The average voter may not know these names – Trump needed to suggest quick Google searches.

He missed a chance to note that Clinton took a $710,000 tax deduction using the same provision in the tax code he did, and should have hammered home that she was, in fact, Secretary of State during the setting of the line in the sand in Syria in August 2012.

He needs to hit those issues hard in the next week.

3. Clinton needs to watch game tape tomorrow. The smirks came at all the most inappropriate times – when faced with her complicity in shaming and degrading her husband’s victims, for instance. The pandering to the African-American and Muslim audience members was obvious and insulting. She needs to get the body language right next time.

4. The media needs to be removed from the process. Raddatz, of CBS, actively engaged in debate with Trump, going so far as to explain Clinton’s rather pathetic attempt to use Abraham Lincoln in her defense with regard to her comments about having to have a public and a private position on issues. It was unprofessional, although still short of Candy Crowley’s participation on President Obama’s team against Mitt Romney. CNN’s Anderson Cooper at times sounded like a prosecuting attorney in a courtroom and he may come in for some criticism for the follow-ups, especially when he pressed Trump for a confession to wrong-doing toward women based on the “locker room” talk from ten years ago.

Could we please have the two candidates sitting at a round table over coffee with a pile of newspapers before them, going through the headlines next time? It might be boring, but it would be one-on-one.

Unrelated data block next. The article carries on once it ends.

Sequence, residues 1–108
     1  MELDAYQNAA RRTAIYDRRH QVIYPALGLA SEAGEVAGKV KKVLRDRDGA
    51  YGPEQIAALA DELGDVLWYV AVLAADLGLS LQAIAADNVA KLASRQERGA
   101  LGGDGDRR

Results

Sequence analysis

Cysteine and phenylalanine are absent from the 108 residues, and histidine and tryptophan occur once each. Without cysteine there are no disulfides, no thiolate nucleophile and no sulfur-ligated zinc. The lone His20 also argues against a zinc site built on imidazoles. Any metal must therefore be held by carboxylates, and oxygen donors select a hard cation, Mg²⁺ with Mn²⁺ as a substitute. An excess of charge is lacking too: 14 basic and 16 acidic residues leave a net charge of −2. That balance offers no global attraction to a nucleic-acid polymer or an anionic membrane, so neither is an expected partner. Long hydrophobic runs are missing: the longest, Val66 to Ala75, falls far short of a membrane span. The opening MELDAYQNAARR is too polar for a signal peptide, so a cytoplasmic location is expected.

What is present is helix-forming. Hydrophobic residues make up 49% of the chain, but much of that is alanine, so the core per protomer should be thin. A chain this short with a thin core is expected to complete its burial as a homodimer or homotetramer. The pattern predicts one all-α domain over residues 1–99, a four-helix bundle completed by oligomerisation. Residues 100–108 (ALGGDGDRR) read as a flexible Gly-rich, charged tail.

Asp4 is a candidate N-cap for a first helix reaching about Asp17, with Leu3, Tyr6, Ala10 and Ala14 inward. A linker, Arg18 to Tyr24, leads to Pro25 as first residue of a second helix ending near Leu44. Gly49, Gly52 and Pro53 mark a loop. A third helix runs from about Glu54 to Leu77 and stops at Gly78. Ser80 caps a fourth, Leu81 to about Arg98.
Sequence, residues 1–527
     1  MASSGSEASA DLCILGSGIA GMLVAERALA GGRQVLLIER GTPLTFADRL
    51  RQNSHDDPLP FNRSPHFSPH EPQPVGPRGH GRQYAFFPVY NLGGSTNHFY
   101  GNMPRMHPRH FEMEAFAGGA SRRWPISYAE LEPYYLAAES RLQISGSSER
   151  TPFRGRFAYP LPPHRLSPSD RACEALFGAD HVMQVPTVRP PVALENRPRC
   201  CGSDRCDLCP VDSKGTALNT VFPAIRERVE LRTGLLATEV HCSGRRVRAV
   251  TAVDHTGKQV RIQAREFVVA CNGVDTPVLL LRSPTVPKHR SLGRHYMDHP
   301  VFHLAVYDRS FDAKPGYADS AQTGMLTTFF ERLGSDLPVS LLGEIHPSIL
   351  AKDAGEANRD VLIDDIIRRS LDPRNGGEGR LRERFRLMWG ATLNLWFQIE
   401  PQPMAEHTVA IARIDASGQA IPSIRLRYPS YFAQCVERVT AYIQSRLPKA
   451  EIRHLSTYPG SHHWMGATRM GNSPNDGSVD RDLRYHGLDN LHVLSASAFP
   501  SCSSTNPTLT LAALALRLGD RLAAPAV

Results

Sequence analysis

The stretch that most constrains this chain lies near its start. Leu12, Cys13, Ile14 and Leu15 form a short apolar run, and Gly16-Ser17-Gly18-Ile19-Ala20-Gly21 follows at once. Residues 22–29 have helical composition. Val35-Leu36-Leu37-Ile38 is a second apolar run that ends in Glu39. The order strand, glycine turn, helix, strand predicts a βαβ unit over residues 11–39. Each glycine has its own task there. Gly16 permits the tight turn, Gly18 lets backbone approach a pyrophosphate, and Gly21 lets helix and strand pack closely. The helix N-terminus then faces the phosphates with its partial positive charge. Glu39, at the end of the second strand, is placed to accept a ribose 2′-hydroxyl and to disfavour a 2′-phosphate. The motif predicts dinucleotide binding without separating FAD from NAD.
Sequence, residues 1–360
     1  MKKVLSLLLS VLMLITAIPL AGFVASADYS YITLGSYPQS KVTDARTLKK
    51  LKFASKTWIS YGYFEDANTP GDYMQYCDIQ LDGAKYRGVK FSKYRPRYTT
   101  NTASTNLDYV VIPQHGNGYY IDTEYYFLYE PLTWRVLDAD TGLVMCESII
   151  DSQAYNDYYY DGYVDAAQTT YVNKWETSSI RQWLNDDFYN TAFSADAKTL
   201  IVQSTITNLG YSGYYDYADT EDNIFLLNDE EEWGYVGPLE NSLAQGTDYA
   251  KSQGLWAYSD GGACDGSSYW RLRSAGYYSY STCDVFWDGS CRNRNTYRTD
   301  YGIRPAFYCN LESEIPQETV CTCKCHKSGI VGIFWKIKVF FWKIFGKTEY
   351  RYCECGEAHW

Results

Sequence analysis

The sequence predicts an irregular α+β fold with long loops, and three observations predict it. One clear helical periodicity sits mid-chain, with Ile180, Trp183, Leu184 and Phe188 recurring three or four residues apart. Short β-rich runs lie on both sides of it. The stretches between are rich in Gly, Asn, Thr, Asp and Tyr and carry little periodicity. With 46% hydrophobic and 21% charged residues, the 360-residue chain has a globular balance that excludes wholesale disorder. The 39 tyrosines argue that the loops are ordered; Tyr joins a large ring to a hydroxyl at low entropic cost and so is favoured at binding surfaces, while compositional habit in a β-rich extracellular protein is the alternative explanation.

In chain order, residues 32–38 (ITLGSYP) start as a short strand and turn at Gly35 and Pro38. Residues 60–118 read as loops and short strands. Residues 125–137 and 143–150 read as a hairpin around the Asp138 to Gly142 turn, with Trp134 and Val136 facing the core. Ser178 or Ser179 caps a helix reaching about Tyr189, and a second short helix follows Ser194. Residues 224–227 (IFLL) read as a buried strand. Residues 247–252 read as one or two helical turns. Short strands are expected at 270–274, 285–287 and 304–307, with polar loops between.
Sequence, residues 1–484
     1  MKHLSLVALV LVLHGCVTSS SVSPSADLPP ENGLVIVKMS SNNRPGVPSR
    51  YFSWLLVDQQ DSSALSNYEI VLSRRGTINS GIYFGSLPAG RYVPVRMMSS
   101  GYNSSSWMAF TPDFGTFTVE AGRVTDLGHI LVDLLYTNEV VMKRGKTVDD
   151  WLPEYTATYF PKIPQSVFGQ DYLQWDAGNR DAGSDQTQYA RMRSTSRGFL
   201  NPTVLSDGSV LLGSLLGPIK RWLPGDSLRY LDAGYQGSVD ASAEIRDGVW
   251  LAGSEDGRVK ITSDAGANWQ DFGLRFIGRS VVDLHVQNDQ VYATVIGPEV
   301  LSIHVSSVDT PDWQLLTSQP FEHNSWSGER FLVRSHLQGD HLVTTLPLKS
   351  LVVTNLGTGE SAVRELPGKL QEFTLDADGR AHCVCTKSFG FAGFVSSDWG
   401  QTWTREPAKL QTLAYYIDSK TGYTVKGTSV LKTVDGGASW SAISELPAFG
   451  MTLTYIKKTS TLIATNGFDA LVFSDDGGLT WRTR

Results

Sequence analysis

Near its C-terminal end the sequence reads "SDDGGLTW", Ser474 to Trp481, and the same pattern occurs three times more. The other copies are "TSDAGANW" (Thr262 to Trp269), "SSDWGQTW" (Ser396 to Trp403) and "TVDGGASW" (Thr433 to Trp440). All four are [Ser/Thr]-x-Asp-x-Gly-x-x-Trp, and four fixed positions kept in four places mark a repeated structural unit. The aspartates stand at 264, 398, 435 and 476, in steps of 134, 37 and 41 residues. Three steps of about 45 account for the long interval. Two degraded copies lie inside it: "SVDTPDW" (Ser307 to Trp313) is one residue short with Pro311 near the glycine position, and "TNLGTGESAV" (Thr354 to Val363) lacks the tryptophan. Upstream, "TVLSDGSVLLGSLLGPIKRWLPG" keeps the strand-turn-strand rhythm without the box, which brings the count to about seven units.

5. Although the American public may not have won, popular culture has.

Hollywood elite like celluloid tough guy Robert De Niro feign shock about Trump’s morality (!) and rock stars express outrage. Mr. Obama has called Beyoncé a role model for his two young daughters; check out the diva's lyrics in her Super Bowl half-time performance. She and her husband, rapper Jay-Z, have been frequent guests at the White House and active fund-raisers for the Democrats during the Obama administration; you might want to check out his beautiful, romantic, respectful lyrics about women.

Real people have to go to work tomorrow morning in the real world. The spectacle will have garnered great ratings, but so does news about plane crashes.

OK, One more bonus point...

*6. Hillary Clinton may not realize it, yet, but she handed Trump the best ad of the election when she went on at some length about her deep understanding of the need to recognize and protect classified material gained through her service on the Armed Services Committee as a senator. Major ooops. He needs to seize on that and not let go for the next 30 days.

Another, final debate will follow on October 19 – more than enough days for additional drama, not to mention sex, lies and videotape.

 

 

 

Send this to friend